In recent posts, I have defined content as a composition, irrespective of format, that moves or guides its audience to feel or act or that adds to or synthesizes a body of knowledge. Content typically carries with it its own context.
As such, content is mostly distinct from raw data and other digitized information that serve only as single reference points or as machine records. Moreover, content has–and can be reused for–an identifiable purpose or reason for existing.
Content Rules collected some definitions of content in a well-read 2018 blog. It offers a thought-provoking, philosophical discussion. Ultimately, however, content is content whether it appears in a user manual, a knowledge base, a website, or a marketing brochure.
To begin a content transformation, organizations must define for themselves what constitutes content. A useful start is to put some boundaries around the concept of “content” by identifying what content is not.
Content vs Data
For instance, an organization might want to distinguish content from data records. Data records consist of raw data, collected at a single point in time and stored in a file that resides in a file manager or database. Often the data are collected through some kind of data entry, such as an online form.
More and more (thanks to the internet of things [IoT]), machines create records. These kinds of records (machine records) are created, for instance, when digitized information is transmitted between two machines or between an intelligent appliance/instrument and an app.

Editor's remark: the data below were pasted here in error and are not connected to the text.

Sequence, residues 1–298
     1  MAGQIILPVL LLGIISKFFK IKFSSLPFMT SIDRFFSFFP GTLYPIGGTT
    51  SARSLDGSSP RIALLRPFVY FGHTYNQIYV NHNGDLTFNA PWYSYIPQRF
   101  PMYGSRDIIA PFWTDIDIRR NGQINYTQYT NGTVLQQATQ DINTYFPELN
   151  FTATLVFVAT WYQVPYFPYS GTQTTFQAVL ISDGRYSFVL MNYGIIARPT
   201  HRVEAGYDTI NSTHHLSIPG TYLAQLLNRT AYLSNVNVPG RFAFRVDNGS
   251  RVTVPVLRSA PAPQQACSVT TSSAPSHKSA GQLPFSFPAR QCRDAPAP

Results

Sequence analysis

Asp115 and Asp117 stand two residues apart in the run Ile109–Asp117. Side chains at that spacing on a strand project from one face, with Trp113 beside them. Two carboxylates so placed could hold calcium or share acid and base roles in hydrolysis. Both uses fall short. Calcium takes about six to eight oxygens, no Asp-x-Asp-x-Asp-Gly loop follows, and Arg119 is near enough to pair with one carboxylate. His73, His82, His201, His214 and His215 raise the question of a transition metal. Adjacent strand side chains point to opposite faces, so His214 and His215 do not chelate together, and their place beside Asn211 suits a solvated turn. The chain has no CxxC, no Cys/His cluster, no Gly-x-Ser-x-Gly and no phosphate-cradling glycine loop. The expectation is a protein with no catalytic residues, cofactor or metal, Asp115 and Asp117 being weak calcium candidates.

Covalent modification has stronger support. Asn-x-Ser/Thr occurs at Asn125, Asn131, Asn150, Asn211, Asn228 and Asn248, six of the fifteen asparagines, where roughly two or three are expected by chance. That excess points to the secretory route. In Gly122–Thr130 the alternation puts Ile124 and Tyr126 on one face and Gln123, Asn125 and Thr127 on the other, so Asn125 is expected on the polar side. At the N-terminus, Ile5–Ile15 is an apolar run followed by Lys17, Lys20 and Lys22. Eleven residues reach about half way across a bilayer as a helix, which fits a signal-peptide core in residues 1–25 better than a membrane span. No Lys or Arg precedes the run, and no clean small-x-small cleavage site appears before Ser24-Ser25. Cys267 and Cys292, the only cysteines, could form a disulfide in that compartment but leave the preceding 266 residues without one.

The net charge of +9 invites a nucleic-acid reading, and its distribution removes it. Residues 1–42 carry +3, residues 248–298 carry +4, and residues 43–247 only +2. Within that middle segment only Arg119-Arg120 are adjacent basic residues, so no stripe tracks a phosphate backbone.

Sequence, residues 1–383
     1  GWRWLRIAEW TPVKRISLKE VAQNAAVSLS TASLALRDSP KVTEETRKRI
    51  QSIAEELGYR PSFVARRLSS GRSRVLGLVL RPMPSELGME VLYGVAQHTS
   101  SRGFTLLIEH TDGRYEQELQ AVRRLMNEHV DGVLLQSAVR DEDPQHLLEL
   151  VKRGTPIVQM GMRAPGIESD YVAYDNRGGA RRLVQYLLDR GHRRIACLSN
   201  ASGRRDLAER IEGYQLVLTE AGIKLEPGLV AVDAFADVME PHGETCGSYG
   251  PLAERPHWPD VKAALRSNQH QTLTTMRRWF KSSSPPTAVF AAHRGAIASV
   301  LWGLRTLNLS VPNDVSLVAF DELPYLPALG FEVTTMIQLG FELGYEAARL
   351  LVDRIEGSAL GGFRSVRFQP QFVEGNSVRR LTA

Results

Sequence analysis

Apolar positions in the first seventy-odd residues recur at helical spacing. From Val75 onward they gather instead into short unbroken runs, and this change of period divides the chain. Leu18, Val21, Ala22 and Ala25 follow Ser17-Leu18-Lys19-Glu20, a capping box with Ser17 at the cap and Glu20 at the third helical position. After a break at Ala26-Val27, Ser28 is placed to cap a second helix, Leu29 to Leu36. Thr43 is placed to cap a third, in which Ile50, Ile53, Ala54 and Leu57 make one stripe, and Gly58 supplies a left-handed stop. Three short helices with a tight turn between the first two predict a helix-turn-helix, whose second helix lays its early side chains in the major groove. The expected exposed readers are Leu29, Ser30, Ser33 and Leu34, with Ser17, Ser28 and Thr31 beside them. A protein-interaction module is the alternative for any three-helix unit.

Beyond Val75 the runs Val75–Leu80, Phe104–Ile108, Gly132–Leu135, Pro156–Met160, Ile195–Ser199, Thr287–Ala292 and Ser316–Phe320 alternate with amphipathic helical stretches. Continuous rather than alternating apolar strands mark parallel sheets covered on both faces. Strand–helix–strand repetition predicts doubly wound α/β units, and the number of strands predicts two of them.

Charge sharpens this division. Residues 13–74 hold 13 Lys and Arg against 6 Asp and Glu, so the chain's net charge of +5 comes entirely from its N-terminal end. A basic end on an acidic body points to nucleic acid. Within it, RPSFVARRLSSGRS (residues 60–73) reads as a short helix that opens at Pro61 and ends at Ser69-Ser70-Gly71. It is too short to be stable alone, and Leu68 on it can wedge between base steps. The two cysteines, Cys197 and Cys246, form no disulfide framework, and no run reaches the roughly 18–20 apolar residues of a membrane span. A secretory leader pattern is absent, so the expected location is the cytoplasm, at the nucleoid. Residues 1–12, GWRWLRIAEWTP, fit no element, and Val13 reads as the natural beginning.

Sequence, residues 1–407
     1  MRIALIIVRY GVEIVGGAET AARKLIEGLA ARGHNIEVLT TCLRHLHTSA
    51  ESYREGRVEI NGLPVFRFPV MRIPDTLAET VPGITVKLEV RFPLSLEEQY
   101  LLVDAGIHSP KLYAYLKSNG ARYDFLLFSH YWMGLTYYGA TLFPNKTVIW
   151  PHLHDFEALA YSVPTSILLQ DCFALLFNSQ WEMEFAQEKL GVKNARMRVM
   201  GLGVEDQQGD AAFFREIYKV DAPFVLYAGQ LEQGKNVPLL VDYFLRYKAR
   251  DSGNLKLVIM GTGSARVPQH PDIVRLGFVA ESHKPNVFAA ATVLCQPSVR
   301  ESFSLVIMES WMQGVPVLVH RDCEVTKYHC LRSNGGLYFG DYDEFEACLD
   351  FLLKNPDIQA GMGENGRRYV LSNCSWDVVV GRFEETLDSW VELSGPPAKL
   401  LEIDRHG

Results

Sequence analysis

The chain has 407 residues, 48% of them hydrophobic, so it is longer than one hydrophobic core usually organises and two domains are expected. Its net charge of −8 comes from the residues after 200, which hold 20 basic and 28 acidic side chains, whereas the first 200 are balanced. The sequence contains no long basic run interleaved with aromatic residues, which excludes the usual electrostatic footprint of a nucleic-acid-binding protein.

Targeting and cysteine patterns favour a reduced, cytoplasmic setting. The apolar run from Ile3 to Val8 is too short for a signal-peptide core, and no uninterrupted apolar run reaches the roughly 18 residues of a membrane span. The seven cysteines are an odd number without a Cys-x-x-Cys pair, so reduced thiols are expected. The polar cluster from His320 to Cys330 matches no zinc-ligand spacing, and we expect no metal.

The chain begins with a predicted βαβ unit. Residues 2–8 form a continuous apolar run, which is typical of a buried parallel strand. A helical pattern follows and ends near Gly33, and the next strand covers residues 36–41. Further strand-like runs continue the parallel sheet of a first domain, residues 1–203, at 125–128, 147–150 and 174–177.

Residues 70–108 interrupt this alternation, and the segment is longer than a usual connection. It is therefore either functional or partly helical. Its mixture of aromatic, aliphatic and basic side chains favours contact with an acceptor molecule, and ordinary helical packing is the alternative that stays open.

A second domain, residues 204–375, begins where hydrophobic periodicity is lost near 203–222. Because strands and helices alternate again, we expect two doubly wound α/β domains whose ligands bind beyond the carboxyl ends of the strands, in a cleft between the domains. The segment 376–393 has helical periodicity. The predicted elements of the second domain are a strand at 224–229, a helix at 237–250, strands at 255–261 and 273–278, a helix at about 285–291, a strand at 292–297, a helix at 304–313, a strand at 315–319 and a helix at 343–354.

Some records, for example health records, contain text-based commentary that explicates the data. Most of the time that commentary is intended to complete the record rather than inform or direct a defined audience.
But someone could make the case otherwise, especially when the explication takes the form of generic patient instructions or generic lab-result interpretations. Just watch out for privacy regulations and compliance constraints.
Other Ways to Distinguish Content
You could also distinguish content from points of reference in an outline or website. Titles and website navigation labels, for instance, are signposts. They serve the content, but they are not necessarily content themselves. (Metadata raises a different question altogether.)
Similarly, a single graphical element is not typically considered content. But graphical compositions, whether they contain words or not, could be considered content. That includes photos, videos, infographics, and technical illustrations.
Thinking about infographics can lead to a discussion about whether aggregated data constitutes content. In our era of big data, that discussion is certainly worth having.
Similarly, responses in a chatbot, webinar, Slack conversation, or other live interaction could be collected and vetted as content. For these discussions, I would circle back to my points about composition, audience, context, and purpose.
As these paragraphs show, we will likely have a more difficult time in the future defining what content is and is not. Nevertheless, I am excited to be part of the future of content!